Amanda Bryant, MT-BC, NMT has been a self-employed music therapist since 1996, longer than most. As such, there are questions she is repeatedly asked by music therapists just dipping their toes into the world of private practice and self-employment. It’s a daunting prospect. Here are some of Amanda’s musings, what she considers to be essential for any therapist thinking about private practice:
- Business Structure. Assess your strengths and capitalize on those in creating your practice. Do you want to serve schools, agencies, non-profits, or individual consumers? Where? How often? What is your justification for your fee structure? How are you going to negotiate for a profit-making business? Do you possess the negotiating skills now to get you what you ultimately want? Do you want to be an administrator and “boss” taking on employees? How will that affect your clinical work? Your business’ reputation? What is your practice’s mission statement? Are you delivering on it?
- Clinical Populations. Think about how thinly you want to spread you clinical expertise and areas of specialization; most music therapists think they should take on all populations into their practice. This can limit your ability to focus on your most talented areas as well as limit your abilities to network with population specific colleagues that will ultimately help you grow as a clinician with the populations most compelling to you.
- Time Management and Planning. Consider your time—time you want to spend commuting, doing paperwork, and billing. Adjust your practice so that you are designing the appropriate work setting for the way you work best! Time in the car does not turn into a profitable business model. Design your schedule around your community. Design your private practice with the vision of what you want it to look like for the future- design for the future, not for today. This way you are ensuring progress toward your ultimate goals!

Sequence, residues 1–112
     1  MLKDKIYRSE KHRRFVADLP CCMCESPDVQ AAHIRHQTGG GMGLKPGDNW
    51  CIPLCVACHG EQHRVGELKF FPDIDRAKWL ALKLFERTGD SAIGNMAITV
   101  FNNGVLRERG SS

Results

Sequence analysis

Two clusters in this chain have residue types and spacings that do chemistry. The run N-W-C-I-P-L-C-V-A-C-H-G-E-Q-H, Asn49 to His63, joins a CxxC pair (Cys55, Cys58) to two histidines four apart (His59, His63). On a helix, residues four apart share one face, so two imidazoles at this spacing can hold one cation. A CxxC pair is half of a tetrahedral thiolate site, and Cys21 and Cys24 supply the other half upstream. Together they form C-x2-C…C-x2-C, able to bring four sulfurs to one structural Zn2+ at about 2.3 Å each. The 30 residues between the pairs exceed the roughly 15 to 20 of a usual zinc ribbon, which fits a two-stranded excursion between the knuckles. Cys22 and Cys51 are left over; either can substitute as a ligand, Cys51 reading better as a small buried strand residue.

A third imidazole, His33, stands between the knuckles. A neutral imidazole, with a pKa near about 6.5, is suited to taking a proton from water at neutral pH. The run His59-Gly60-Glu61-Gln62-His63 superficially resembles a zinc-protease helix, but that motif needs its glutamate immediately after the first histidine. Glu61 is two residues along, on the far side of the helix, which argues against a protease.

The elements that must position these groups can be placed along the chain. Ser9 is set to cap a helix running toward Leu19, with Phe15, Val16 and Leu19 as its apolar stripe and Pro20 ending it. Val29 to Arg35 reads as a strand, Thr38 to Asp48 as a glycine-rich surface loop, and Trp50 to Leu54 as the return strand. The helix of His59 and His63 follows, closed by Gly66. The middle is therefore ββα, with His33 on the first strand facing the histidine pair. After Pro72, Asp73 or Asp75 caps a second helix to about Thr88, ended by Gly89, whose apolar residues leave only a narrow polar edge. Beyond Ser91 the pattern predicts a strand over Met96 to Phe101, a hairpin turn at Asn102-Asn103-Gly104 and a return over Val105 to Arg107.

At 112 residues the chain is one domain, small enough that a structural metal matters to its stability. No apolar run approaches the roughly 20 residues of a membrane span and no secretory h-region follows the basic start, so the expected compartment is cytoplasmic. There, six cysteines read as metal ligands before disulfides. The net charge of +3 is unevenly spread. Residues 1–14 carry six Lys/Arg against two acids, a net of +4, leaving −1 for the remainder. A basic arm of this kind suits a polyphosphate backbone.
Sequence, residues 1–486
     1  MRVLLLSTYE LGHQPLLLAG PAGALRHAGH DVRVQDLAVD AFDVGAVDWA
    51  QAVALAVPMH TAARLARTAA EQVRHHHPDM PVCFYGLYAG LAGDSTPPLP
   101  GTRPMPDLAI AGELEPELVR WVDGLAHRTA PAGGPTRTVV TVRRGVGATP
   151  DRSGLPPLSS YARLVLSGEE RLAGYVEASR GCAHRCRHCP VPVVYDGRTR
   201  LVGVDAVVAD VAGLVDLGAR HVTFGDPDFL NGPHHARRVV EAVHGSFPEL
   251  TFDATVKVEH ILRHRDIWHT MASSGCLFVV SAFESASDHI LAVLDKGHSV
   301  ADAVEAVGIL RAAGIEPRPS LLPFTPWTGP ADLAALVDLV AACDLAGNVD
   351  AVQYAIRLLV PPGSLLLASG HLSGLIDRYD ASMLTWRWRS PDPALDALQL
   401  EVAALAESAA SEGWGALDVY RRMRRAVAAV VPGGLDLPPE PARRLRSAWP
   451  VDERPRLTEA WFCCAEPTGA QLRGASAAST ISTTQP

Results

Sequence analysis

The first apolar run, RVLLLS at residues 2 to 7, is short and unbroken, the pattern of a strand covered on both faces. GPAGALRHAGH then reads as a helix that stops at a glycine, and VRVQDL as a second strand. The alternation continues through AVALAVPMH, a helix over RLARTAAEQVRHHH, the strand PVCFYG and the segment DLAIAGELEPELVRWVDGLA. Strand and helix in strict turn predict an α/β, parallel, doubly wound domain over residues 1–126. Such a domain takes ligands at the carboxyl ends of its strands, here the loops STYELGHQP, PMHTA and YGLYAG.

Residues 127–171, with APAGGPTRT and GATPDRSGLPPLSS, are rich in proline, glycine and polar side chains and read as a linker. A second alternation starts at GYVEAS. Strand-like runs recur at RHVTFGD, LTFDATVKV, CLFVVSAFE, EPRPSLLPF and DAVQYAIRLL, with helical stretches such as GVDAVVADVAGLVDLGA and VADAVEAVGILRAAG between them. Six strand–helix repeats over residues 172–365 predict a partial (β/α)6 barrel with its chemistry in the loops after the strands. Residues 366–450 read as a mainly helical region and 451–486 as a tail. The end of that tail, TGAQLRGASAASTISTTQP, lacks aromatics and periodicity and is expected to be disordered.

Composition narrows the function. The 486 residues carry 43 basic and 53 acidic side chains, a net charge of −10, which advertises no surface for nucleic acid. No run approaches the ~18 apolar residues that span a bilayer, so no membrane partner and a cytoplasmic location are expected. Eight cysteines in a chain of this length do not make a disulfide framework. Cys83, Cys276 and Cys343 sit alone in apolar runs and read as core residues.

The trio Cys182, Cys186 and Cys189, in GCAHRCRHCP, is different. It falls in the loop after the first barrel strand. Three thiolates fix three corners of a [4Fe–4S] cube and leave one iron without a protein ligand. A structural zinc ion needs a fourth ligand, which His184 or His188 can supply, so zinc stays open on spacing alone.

- Clinical Specialization. Educate yourself about best practices and techniques within your clinical specialization. Early on in my career I became trained in sensory integration, Applied Behavioral Analysis (ABA), Verbal Behavior Intervention (VB), tangible communication systems for children with multi-sensory impairments, augmentative communication tools and technology, positioning and appropriate use of adaptive equipment that physical therapists use. I still make it a priority to educate myself outside of the arena of music therapy, in order to best serve my clients and colleagues from other disciplines.
- Treatment Philosophy. Music therapy can work with many other therapeutic and educational philosophies. Once trained in other strategies, talk intelligently about how music therapy can partner with other teaching and therapeutic strategies that your colleagues understand. This will make music therapy even more important in their eyes.
- Self-Employment. Read what you need to become a better businessperson. For me a pivotal book that I always recommend to therapists going into self-employment is Stanley and Danko’s “The Millionaire Next Door” It is over ten years old now and the statistics may be different now, but it helped me think much more strategically about money and time, and the importance of seeing yourself as the most important person determining your worth! There are many great books out there now that can help build strategic thinking into your practice.
Thank you for the opportunity to share some thoughts that I am repeatedly asked about. I am so proud of having been a successfully self-employed music therapist since 1996 and a practicing clinician since 1993.